The marches cap an unprecedented week in which generals seized power and put Mugabe under house arrest in a turnaround for the president who has ruled since 1980
Hundreds of Zimbabweans have taken to streets in a march to force President Robert Mugabe out of office.
The marches cap an unprecedented week in which generals seized power and put Mugabe under house arrest in a stunning turnaround for the president who has ruled since 1980.
The 93-year-old autocrat did not resign in talks with the army chief on Thursday and sources suggested the veteran leader was "buying time" to negotiate an end to his 37 year reign.
Mugabe appeared publicly for the first time at a pre-planned graduation ceremony in Harare on Friday, further stoking questions over the status of his discussions with General Constantino Chiwenga, who led the military power grab.
Later in the day, eight of Mugabe's ruling party's 10 regional branches took to state television to call for him to go.
Cornelius Mupereri, a spokesman for ZANU-PF's Midlands region, was one of several party barons to appear on ZBC's nightly news to read almost identical statements calling on Mugabe to quit.
It's done, it's finished
Chris Mutsvangwa, chairman of the independence war veterans' association, said "the game is up" for Mugabe and announced street protests against the president.
"It's done, it's finished... The generals have done a fantastic job," he said at a press conference in Harare.
"We want to restore our pride and (Saturday) is the day... we can finish the job which the army started."
The veterans' association supports ousted vice president Emmerson Mnangagwa -- whose sacking sparked the army intervention on Tuesday.
They are organising a gathering at a large sports field in a working class suburb on the outskirts of Harare.
It was the location of Mugabe's first speech after returning from exile in Mozambique in 1979.
Demonstrators had begun to arrive in the area by midnight local time.
The US embassy in Harare warned its citizens to avoid another protest -- thought to be a pro-Mugabe counter-demonstration -- expected to take place in Robert Mugabe Square in the centre of the capital.
Other demonstrations are expected elsewhere in the country on Saturday.
The same regime
Pastor Evan Mawarire, an outspoken Mugabe critic who rose to prominence last year with his #ThisFlag protest movement challenging the president over the economic crisis, called on Zimbabweans of all backgrounds to march with the war veterans.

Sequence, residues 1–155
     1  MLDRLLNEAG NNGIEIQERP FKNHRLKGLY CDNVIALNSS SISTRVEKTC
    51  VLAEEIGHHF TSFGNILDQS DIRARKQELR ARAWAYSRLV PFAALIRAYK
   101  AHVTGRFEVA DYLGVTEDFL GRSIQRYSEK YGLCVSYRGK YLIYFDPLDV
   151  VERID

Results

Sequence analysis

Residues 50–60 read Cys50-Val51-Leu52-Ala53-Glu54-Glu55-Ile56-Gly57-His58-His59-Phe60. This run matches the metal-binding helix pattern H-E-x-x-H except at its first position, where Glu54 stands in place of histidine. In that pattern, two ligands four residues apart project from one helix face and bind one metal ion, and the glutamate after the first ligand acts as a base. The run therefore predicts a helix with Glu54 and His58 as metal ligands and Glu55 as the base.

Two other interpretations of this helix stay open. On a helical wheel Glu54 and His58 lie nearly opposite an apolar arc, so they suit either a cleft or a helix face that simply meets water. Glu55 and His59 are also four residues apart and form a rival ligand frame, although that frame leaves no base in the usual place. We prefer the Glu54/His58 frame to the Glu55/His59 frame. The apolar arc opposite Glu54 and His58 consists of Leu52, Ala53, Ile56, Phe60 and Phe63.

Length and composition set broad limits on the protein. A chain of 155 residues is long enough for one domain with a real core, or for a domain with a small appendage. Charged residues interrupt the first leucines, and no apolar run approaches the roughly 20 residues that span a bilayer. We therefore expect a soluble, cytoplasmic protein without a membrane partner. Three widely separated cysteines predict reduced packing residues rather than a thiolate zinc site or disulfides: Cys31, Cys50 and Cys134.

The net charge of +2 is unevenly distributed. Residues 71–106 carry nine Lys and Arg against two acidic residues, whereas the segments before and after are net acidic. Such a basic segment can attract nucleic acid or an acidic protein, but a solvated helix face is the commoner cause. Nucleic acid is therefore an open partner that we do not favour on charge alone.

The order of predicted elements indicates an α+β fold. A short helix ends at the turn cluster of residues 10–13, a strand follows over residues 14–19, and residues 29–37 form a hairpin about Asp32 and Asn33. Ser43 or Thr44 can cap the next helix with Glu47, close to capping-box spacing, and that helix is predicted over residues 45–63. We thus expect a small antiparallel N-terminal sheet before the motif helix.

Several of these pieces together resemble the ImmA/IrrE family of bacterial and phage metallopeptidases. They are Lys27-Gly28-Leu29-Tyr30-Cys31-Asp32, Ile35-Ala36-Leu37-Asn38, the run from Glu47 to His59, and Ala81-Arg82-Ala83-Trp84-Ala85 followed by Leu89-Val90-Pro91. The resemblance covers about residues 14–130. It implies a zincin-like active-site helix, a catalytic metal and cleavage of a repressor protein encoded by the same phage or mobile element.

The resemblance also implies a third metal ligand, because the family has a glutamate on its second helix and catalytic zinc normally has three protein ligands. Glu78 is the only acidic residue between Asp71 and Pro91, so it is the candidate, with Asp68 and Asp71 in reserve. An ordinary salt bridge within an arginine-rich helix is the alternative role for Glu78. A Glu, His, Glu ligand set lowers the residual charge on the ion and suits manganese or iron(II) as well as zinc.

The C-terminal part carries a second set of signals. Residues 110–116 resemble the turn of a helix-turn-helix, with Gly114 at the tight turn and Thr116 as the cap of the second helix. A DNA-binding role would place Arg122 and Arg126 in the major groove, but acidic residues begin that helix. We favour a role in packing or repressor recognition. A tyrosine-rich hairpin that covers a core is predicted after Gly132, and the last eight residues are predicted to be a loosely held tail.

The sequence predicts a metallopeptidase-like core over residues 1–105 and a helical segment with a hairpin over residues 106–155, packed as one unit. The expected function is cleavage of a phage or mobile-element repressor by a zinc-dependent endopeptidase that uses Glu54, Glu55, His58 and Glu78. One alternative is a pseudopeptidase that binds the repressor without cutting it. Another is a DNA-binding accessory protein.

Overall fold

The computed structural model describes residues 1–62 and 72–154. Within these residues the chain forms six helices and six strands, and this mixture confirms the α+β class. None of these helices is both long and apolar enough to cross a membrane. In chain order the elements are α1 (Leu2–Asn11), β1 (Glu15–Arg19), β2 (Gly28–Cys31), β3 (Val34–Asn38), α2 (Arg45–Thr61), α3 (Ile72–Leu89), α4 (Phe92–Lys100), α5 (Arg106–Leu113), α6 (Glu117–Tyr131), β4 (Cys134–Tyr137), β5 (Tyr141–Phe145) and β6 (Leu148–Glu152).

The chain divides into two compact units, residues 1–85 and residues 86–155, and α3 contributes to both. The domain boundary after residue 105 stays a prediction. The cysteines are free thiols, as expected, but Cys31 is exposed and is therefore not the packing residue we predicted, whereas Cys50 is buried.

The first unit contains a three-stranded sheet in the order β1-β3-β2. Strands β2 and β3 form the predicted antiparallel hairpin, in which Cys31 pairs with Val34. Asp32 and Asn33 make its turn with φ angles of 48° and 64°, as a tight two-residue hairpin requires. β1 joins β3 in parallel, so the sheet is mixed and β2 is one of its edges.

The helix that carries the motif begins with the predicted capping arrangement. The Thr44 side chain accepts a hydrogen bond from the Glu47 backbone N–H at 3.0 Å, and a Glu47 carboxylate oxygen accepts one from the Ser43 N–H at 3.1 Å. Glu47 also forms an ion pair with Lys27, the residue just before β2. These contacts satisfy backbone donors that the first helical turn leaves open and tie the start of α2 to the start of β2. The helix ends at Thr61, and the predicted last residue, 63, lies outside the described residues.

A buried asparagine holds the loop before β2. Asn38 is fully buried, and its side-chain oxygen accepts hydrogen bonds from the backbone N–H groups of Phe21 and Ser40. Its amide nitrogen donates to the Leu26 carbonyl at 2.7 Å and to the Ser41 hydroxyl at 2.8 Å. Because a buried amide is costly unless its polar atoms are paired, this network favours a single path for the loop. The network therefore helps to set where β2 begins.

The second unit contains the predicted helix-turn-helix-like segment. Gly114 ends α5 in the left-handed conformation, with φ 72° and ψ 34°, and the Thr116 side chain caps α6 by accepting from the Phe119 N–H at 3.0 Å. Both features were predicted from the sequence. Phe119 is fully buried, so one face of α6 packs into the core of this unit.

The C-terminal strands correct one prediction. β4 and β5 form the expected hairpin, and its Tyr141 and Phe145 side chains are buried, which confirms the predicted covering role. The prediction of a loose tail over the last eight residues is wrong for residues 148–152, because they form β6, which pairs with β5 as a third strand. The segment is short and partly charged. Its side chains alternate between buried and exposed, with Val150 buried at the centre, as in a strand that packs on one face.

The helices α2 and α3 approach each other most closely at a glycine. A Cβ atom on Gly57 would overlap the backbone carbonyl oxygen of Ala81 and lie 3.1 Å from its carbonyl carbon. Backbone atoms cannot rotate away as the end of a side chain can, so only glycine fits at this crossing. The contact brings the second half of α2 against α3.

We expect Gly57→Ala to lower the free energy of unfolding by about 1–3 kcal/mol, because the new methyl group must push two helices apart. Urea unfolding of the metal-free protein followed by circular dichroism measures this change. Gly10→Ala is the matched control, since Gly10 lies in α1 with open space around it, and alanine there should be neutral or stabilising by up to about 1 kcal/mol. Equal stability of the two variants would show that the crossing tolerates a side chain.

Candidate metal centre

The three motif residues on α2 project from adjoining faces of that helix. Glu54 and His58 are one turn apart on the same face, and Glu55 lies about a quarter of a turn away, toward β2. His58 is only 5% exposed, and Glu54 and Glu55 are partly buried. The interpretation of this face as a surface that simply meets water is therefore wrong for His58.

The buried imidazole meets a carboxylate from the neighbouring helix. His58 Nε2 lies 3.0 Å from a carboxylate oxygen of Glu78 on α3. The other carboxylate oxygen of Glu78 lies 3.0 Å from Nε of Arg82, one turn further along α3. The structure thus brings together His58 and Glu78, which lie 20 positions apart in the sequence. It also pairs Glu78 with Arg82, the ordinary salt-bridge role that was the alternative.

"The citizens are joining hands across political divides... across ideological divides," he said in a live broadcast on Facebook.
"We have joined hands with war veterans, with the church and young people. We will stand together for a new Zimbabwe... We are marching in order for us to thank our military."
Some Zimbabweans remain wary of the army's intentions however.
"Once things stabilise, once Mugabe is out of the way, we also want them out as well -- they are from the same regime," said Matthew Chakanetsa, a 35-year-old taxi driver.
Despite appeals for Zimbabweans to turn out in force, it remained unclear whether demonstrators would heed the calls in a country where public protest has previously been violently suppressed.
But a video emerged late on Friday of activists in the second city Bulawayo apparently offering free transport to Harare for residents eager to join Saturday's march.
We are not waiting
Zimbabwe's military chiefs said in statement Friday they had detained some "criminals" in Mugabe's government after their lightning power grab which appeared to be the climax of a dispute over who would succeed the veteran leader. They did not give any indication about whether Mugabe would remain head of state.
Before being pushed out, vice president Mnangagwa had clashed repeatedly with Mugabe's wife Grace, 52.
Grace Mugabe and Mnangagwa were seen as the leading contenders to replace Mugabe but Mnangagwa had the tacit support of the armed forces, which viewed Grace -- a political novice -- with derision.
The United States has called for the Zimbabwe army to quickly relinquish power.
"We all should work together for a quick return to a civilian rule," said US Secretary of State Rex Tillerson ahead of talks with African foreign ministers.
Mugabe critic Mawarire, whose strike action in July 2016 was violently put down by security forces, added "we have to fight for ourselves".
"This time around, we are not waiting."